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Literary Groups Decry Patriot Act As Invasion Of 0aPrivacy
By David Mehegan
Boston Globe Staff
Friday 16 May 2003
A national coalition of publishers, authors, librarians, and 0abooksellers yesterday called on Congress to modify the part of the antiterrorist 0aUSA Patriot Act that allows the government to secretly inspect Americans' 0abook-buying and -borrowing habits.
The statement is signed by 32 organizations, including the 0aAmerican Booksellers Association, the Authors Guild, the Association of American 0aPublishers, the American Library Association, PEN American Center, and the giant 0abooksellers Borders and Barnes & Noble. It endorses a bill filed in March by 0aRepresentative Bernard Sanders, Independent of Vermont, that would exempt 0abookstore sales records and library borrowing records from some provisions of 0athe act.
In a separate statement supporting the Sanders bill, former US 0arepresentative Patricia Schroeder, president of the library association, said, ''Section 215 seriously undermines the First Amendment-protected activities of 0aauthors and publishers, booksellers and librarians, and indeed anyone who 0areads.''
''Bookstores are almost universally in favor of this,'' said 0aWayne A. Drugan Jr., executive director of the New England Booksellers 0aAssociation, which signed the statement. ''Books contain information to which 0aeverybody should have free access, and that access should not be monitored or 0asupervised by the government.''
Under Section 215 of the USA Patriot Act, passed in October 2001, 0aa secret court can authorize the FBI to inspect or seize bookstore or library 0arecords without showing probable cause. Further, the law provides that the 0abookstore or library is forbidden to disclose that the inspection happened.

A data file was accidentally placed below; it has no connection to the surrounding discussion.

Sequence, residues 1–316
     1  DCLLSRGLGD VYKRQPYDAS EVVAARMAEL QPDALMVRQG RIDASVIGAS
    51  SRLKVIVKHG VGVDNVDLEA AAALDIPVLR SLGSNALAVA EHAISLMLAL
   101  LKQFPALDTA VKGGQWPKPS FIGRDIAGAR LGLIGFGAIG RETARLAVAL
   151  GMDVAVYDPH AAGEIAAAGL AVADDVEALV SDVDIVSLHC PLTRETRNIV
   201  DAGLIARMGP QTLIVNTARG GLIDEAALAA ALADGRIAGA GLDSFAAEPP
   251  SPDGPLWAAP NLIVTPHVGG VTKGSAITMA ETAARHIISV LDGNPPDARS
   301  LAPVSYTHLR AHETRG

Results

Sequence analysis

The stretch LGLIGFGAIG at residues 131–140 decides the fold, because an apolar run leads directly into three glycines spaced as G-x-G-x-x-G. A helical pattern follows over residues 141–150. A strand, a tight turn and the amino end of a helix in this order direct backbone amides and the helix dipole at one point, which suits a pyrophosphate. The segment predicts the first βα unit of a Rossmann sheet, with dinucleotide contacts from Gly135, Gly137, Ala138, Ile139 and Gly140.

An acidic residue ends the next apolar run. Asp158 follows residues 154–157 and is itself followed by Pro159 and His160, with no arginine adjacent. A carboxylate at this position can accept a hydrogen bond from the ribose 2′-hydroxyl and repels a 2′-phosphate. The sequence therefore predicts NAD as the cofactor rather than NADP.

The Sanders bill, dubbed the Freedom to Read Act, would still 0aallow inspection but would require closer court supervision.
Resistance to the Patriot Act has been building quietly since it 0abecame law. More than 90 cities and towns across the country have passed 0aresolutions against it.
''Libraries are a cornerstone of intellectual freedom, the right 0ato think and explore and read whatever you want to,'' said Krista McLeod, 0adirector of the Nevins Memorial Library in Metheun and president of the 0aMassachusetts Library Association, which supports the change. ''The privacy 0aassociated with that freedom is key. . . .
People who come in to use the library have lost a lot of the 0aprivacy that they expect.'' Barbara Comstock, spokeswoman for the US Justice 0aDepartment, yesterday said the opposition to the Patriot Act is misplaced. ''All 0aSection 215 says is that when someone who is not an American citizen or is 0aidentified as a terrorist comes to a library to use a computer, we can go into 0athe library and see what he is doing on that computer,'' Comstock said. ''The 0ahysteria about this is due to a lack of understanding that a court order is 0arequired. There is no interest in a general sense in knowing what people are 0areading.''